Three founding members researched the relevant technology in computer graphic, pattern recognition and information management from literature and built their prototype TWR3D technology from the scratch. 3-D image effects come from two types of technology, image based rendering and depth image based rendering. TWR3D utilize depth image based rendering that servers can calculate the parameters to generate the 3-D cues that present 3-D effects. It can lower the cost by sixty-six percent compared with current practice. The cost reduction resulted from the automation of the transformation by computing and therefore less manpower and time was needed. Further, this technology is applied on a private cloud environment. There is no storage device at terminal end and each picture and image were processed via the internet. By doing so, the infrastructure is scalable at an affordable cost and there is high confidentiality of each project.
With this technology, White Rabbit stepped into the entertainment and movie industry by offering post-production service. To bring TWR3D to the international stage, Charles recruited a creative director that participated in Hollywood post-production projects such as Avatar, Happy Feet, and Rise of the planet of the Apes. With the leadership, White Rabbit started to cultivate their own director, storyboard expert, and screenplay writer. This is to prepare for the long term mission, their own animation movies.
The 3-D transformation service has been recognized by the movie industry in Asia and worldwide. White Rabbit participated in the production of Titanic 3-D version in 2011. In 2012, they were the main partner for symbolic movie in Chinese society for New Year holiday, the twelfth zodiac animals. In addition to the movies, they extended the service category to popular music concerts. Popular music artists tended to shoot the concert and made into films. These concert videos were also in favor of 3-D effects that requires post-production process. Nonetheless, it required visual effect directors to involve. White Rabbit not only participated in post-production, but also involved in visual effect planning and directing. These performances they have cooperated with include May Day concert and Wang Lihon's Shanghai concert.
To make an animation movie requires not only technology but also screenplay, story and filmmaking techniques. For a young motion picture house, it is very exploratory in the sense. To make White Rabbit's own animation movie, the Journey to the West, the animation department developed the technology they may need apart from 3-D effects. The leading actor in the story was a monkey. It is very difficult to draw the fur and hair vividly and natural. And the hair in motion is more complicated. The R&D team developed a technology that solved the problem based on computer generated imagery. This technology offers molding, design, and coloring for hair in animation. The embedded engine can perform the movement of hair smoothly and seemingly natural. This technology, called Big Cat, has been licensed to many studios for 3-D and animation post-production. The animation department made their first short animation pictures Hatching in 2012 and was nominated to participate in SIGGRAPH 2012. This was a milestone of international recognition.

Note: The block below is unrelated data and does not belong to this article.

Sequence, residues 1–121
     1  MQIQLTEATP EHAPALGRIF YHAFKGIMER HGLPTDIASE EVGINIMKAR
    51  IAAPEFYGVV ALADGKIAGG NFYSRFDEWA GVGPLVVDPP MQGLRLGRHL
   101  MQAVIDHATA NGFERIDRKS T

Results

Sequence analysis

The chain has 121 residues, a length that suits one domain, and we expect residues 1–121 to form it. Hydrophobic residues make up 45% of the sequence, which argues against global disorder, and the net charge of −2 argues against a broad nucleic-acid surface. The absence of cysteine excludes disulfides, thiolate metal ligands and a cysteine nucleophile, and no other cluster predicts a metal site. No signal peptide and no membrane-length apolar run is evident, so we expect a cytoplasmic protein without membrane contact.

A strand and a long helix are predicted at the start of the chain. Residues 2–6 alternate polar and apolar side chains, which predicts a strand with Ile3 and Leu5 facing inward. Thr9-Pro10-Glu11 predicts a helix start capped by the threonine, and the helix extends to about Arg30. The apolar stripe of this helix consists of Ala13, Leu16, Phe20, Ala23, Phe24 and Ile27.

The founding members are resources structuring on their own right. They offered the foundation of the technology capabilities in this new venture. The recruitment of expert with industry domain knowledge strengthened the resource portfolio and brought the company into international arena.
The experiences learned in movie post-production, 3-D rendering, and visual effect directing, would be crucial for White Rabbit to make their own animation movie. Moreover, the 3-D and visual effect department could generate not only the revenue to support the exploration of animation department but also the knowhow and skills to make a film. The animation department can also leverage technology, know-how, and industry domain knowledge originated from 3-D rendering business.
The two cases illustrated how new ventures adopts ambidextrous strategy to generate innovation. It is little discussed about the ambidexterity in new ventures in the literature, and in practice, new ventures are usually characterized by exploratory. We propose that exploitation innovation strategy is beneficial for new ventures if its customer base or technology development can align with the exploratory arms. One of the advantages to adopt ambidextrous strategy for new ventures is that it allows entrepreneurs to mitigate the risks. The business unit for exploitation innovation can generate positive cash flow in a short time. This not only can support the exploratory business but also can ease the capital requirement by soothing the burn rate. The customer and technology base developed by the initial investment could reduce the time it may take to put exploratory innovation into market. Nonetheless, the exploitation innovation business unit can operate independently and accumulate more resources regardless the performance of the exploratory innovation.
The lesson for managers can be derived from these observations is that ambidextrous strategy can offer benefits to new ventures. New ventures can orchestrate the resources by leveraging the customer and technology base bundled and structured by exploitation innovation strategy. This does not only mitigate the risks from allocating entire resources on exploratory innovation but also generate more resources to support exploratory activities.